What The Heck Is Mucilage?

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Cocoa seeds with and without mucilage coating
Cocoa seeds with and without edible mucilage coating (Photo By: Abrahami / Wikimedia Commons)

Many plants produce a substance known as mucilage, it is also produced by some fungus, bacteria and animals. Mucilage is a thick, gluey substance, produced by almost all plants but found in higher concentrations in specific species. If you’ve ever cut open an Aloe vera plant then you know what mucilage is, it’s what makes the inside of the plant wet and slimy, Aloe vera is a plant that produces large amounts of mucilage. If you can feel the mucilage in a plant then it is described as being mucilaginous.

The primary reason that plants produce mucilage is to help store and transfer food and water, this is why cacti are filled with a mucilaginous substance. Some plant seeds are covered in mucilage to help retain water during seed germination, a good example of this is the cocoa seeds.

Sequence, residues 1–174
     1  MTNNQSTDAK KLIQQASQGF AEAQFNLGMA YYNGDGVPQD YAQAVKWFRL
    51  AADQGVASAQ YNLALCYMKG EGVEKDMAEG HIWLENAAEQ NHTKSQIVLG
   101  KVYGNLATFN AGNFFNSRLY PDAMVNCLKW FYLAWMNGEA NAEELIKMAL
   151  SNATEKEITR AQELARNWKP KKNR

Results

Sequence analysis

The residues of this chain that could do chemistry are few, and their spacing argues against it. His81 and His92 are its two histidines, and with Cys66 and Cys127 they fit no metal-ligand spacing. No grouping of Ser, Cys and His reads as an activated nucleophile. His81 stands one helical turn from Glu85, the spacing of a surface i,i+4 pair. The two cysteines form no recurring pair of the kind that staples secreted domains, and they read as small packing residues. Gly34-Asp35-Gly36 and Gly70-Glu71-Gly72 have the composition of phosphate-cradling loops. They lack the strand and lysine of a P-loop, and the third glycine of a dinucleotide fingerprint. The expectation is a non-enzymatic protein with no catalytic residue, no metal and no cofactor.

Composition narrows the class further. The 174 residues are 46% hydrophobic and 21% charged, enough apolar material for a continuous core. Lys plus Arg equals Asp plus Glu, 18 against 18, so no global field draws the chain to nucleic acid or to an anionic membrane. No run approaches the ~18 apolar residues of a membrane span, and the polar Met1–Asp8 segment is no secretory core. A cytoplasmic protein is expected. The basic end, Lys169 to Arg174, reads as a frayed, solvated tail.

Mucilage is edible for humans, and although it is slimy, usually plants containing a lot of mucilage are considered to have a refreshing texture, especially in hot, dry climates. Some common plants that contain noticeable amounts of mucilage are: Rose of Sharon, Ocra, Marsh Mallow( and other Mallows), and Violet.

Mucilage has a history of being a medicinal substance. Primarily mucilage has been used to treat irritated areas such as for sore throats or irritated gastrointestinal tract. The substance forms a film which protects the nerves and tissue in the affected area from further irritation. External salves such as Yard Plantain wound dressing also contain mucilage to help sooth and protect the wound.



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